{Why \TeX\ math search is more relevant now than~ever}
{Petr Sojka}
{\TeX\ is around 30 years old, and was conceived and written before the
advent of \MathML, not to mention the Internet. At that time the idea of
indexing and searching mathematics was just a futuristic idea. When
people jumped on the Google bandwagon, it was predicted that old
technologies such as \TeX\ mark-up for math would disappear in time (it
is not used for tokenization and indexing properly). The advent of the
Internet and \acro{W3C} brought mark-up and global search to the
attention of the public. Somehow it was acceptable again. The recent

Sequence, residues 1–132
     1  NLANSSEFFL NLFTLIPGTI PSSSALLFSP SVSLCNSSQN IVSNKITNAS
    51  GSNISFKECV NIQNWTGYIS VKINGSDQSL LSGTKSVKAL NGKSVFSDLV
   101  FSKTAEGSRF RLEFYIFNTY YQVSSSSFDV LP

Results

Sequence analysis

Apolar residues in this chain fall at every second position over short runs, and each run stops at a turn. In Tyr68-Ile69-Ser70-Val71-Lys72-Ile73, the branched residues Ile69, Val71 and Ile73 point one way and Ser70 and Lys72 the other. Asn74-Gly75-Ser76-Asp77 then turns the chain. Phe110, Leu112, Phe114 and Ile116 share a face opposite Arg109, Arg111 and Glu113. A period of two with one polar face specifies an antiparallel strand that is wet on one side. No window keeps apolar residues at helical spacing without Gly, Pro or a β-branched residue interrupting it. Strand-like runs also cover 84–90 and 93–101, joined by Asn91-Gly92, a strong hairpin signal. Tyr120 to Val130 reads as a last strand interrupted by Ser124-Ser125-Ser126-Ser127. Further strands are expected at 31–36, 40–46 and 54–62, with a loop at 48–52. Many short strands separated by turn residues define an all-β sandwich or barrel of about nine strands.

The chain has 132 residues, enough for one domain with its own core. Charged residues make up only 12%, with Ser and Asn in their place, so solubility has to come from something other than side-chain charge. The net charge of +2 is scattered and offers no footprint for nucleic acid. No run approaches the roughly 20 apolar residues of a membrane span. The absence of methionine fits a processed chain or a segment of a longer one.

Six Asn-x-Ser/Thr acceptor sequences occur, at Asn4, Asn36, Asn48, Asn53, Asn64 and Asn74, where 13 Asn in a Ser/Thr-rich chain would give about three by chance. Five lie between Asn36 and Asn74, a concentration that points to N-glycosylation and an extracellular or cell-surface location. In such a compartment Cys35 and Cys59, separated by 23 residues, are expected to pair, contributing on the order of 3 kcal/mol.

move to the semantic search and \MathML\ has brought renewed attention
to the need of unambiguous canonical math representation in texts.
As part of the project of building the European Digital Mathematics
Library (\url{http://www.eudml.eu}) we have designed and implemented a
math search engine, \acro{MI}a\acro{S}
(\url{http://nlp.fi.muni.cz/projekty/eudml/mias}). It currently indexes
and searches in more than 160,000,000 formulae originally written by
authors in \TeX\ in their scientific papers. We will present the system
and will discuss the ways towards global math search engine based on the
\TeX\ math notation.
}